Managing Unhealthy Guilt

Career Tip
"At work, you think of the children you have left at home. At home, you think of the work you've left unfinished. Such a struggle is unleashed within yourself. Your heart is rent."
Golda Meir

Managing Unhealthy Guilt

Women tend to experience guilty feelings more than men, perhaps in part due to the fact that women are different emotionally. Some believe that women's brains are wired differently, as they tend to be more highly sensitized to emotions. This can lead to stronger reactions, or an over-functioning response to situations that are emotionally charged.

Guilt can be healthy, for example, when we feel bad after behaving inappropriately or dishonestly. This healthy guilt can increase our motivation to problem solve or teach us an important lesson about the consequences of hurtful behavior. Healthy guilt can also improve our personal leadership skills and enhance our behavior in relationships, making it an advantage from a career perspective.

But what about unhealthy guilt? This type of guilt can occur as a result of persistently feeling devalued, flawed or unworthy. The fear of not doing enough, or not measuring up, is at the heart of this kind of unhealthy guilt. These feelings and the associated guilt is still not uncommon for many women today, despite the enromous strides made in women's careers over the past fifty years.

Fear, coupled with anxious thinking, automatically activates the Stress Response in our body. This response evolved to protect us from danger by triggering a surge of powerful hormones to provide us with the energy needed to defend ourselves or to escape. Joan Borysenko, in her book GUILT is the teacher, LOVE is the lesson, uses a metaphor of the stress response being like the overdrive shift in a car.
It's handy occasionally, but if we keep the car in overdrive all the time, the parts wear out, creating serious mechanical difficulties. In people, these difficulties include severe stress and anxiety-related disorders. Thus begins the career journey to burnout, unless we learn how to quiet the destructive inner voice of guilt.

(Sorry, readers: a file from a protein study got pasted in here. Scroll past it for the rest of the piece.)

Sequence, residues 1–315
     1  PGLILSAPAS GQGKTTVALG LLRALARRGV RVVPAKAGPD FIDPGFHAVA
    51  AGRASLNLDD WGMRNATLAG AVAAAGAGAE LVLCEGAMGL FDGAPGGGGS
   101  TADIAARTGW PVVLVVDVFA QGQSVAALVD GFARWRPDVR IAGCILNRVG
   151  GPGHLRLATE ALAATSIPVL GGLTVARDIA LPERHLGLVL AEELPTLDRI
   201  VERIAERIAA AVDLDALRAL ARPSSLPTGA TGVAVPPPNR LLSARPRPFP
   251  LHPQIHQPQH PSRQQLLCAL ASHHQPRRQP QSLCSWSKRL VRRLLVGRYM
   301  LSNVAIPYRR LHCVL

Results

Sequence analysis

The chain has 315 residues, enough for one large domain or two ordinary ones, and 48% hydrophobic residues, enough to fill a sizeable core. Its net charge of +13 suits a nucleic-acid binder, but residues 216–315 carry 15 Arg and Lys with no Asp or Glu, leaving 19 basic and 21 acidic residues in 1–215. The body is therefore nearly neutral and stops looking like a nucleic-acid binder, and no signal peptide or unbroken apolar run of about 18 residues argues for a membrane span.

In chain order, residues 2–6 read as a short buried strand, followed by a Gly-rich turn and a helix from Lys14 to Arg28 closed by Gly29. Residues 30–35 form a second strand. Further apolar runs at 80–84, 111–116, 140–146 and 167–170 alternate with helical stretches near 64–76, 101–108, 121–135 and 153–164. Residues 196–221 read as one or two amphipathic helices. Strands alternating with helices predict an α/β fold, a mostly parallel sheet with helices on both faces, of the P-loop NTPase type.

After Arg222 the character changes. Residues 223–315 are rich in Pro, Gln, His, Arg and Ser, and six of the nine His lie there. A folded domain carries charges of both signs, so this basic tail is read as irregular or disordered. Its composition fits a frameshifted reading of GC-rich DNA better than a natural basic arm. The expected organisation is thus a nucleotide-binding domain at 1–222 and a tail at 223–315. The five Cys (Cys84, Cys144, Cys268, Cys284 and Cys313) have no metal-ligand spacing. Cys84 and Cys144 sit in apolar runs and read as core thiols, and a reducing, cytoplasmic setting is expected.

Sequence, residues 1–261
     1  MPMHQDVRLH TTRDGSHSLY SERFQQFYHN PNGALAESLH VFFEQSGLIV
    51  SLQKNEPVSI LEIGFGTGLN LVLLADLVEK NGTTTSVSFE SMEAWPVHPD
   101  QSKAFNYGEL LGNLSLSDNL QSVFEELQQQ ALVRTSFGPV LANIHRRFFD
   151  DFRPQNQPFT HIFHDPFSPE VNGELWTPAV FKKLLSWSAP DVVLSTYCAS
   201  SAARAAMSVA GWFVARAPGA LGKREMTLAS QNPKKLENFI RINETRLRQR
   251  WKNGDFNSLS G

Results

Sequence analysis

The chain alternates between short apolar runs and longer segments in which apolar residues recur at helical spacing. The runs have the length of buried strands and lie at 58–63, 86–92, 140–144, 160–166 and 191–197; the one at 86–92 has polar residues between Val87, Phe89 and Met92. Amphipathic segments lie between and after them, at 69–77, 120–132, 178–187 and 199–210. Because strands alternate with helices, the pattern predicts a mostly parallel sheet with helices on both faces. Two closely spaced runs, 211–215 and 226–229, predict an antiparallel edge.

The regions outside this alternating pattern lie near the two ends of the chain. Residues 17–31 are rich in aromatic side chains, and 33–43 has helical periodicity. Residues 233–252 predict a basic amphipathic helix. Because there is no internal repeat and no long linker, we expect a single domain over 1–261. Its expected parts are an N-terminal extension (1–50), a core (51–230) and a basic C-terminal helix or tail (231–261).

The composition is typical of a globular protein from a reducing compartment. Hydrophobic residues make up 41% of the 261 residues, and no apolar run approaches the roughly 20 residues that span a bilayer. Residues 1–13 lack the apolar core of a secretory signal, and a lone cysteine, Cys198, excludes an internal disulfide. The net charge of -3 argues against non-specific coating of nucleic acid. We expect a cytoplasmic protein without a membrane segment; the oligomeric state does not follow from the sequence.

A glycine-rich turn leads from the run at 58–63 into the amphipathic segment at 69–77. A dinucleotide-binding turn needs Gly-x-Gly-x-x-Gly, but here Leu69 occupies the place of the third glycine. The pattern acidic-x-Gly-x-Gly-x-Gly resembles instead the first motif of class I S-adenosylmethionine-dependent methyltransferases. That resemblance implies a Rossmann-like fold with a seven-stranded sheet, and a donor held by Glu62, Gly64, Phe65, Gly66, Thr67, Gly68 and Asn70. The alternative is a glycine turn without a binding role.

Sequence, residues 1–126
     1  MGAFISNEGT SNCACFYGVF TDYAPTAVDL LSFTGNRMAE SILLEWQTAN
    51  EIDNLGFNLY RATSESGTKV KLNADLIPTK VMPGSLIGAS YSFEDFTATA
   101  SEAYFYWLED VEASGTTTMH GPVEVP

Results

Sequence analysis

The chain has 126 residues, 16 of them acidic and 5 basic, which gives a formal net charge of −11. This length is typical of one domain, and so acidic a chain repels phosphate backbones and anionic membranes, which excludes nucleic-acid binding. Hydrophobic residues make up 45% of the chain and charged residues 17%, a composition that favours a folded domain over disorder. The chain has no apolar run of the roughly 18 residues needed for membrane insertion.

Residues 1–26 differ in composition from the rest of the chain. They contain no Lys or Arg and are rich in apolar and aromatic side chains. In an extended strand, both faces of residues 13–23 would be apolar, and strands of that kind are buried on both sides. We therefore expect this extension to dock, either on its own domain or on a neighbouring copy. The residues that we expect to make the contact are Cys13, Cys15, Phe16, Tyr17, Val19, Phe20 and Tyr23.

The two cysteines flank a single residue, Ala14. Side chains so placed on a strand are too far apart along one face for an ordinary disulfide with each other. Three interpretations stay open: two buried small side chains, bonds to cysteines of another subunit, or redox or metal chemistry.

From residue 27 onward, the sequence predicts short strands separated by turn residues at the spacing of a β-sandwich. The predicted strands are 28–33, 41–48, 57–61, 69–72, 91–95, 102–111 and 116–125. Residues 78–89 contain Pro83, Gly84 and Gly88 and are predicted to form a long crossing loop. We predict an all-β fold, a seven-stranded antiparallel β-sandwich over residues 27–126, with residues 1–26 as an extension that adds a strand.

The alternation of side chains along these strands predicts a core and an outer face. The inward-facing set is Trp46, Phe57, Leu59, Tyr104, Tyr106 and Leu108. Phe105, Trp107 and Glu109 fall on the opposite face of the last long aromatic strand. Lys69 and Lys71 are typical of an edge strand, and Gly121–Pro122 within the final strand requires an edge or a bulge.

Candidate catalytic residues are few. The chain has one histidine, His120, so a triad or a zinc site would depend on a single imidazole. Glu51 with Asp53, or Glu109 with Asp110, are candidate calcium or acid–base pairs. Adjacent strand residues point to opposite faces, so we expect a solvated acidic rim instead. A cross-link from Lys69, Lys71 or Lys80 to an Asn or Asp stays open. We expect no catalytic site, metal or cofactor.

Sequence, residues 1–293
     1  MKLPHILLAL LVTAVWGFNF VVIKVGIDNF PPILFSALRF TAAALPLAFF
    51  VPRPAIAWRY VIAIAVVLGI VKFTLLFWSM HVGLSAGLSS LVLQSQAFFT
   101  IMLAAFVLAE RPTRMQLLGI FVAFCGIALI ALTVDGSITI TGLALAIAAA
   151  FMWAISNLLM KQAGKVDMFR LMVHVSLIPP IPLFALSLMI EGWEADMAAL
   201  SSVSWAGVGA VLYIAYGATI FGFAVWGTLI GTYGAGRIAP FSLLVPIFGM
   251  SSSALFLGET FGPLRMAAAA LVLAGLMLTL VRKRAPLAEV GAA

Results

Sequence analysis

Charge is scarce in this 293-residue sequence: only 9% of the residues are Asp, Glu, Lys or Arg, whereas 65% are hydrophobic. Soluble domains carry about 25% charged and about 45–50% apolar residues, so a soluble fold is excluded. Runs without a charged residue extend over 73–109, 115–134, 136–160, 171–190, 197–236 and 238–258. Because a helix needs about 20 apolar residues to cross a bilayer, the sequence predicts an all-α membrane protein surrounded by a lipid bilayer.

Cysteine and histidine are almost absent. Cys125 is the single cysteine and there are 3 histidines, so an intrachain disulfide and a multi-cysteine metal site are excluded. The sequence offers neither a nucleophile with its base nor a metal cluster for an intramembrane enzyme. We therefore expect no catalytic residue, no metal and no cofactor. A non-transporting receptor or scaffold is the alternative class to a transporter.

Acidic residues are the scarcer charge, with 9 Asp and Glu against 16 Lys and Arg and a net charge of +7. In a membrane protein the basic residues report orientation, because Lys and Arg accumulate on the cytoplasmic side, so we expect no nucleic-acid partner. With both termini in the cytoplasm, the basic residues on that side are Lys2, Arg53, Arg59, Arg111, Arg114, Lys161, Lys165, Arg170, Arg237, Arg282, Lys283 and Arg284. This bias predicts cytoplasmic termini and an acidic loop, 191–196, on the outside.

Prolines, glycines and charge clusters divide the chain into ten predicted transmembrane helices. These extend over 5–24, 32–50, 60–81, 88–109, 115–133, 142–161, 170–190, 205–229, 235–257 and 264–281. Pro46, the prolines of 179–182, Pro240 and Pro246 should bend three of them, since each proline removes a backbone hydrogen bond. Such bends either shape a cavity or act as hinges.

When our career decisions and strategies are motivated by fear from self-doubt and guilt, the result is often self-defeating behaviours like perfectionism, over-achievement,narcissism, co-dependence and other attempts to bolster our fledgling ego. In Joan Borysenko's words unhealthy guilt is an autoimmune disease of the soul that causes us to reject our own worth as human beings....guilt causes life to become rganized around the need to avoid fear rather than the desire to share ove." Borysenko suggests that healing unhealthy guilt begin with a earch for the true or authentic Self. Her advice also includes that this search journey is enhanced through using a holistic
spirit-mind-body approach. (Source: GUILT is the teacher, LOVE is the lesson by Joan Borysenko, PhD).

For daily management of the anxiety and fear arising from unhealthy guilt, mastering mind-body exercises can be very helpful, e.g. diaphragmatic breathing, mindfulness meditation, and the practice of yoga. A simple place to begin is to learn abdominal breathing. The following exercise is from Joan Borysenko's book Minding The Body:
Mending The Mind--another great resource.

Diaphragmatic Breathing Exercise:

Sit in a straight-backed chair, sliding forward slightly. If needed, place a pillow behind the small of your back. Place one hand palm down over your navel and the other hand on top of it. Without trying to change your breathing, just notice whether your belly expands or flattens when you inhale. It can help to close your eyes to concentrate. If your belly does not move when you inhale, that means you are breathing from your chest. You can shift into abdominal breathing by taking a deep breath in and then blowing it out completely through your mouth. You will notice your belly flatten and can flatten it even more by squeezing out every bit of air. Now just let the next breath flow in through your nose and let your belly expand.

Implement diaphragmatic breathing throughout your day. Two or three minutes of abdominal breathing will immediately reduce tension, anger or stress. You can use this breathing technique whether you are in an important meeting at the office, or standing in
line with kids in the cart at the supermarket.

Take good care of yourself,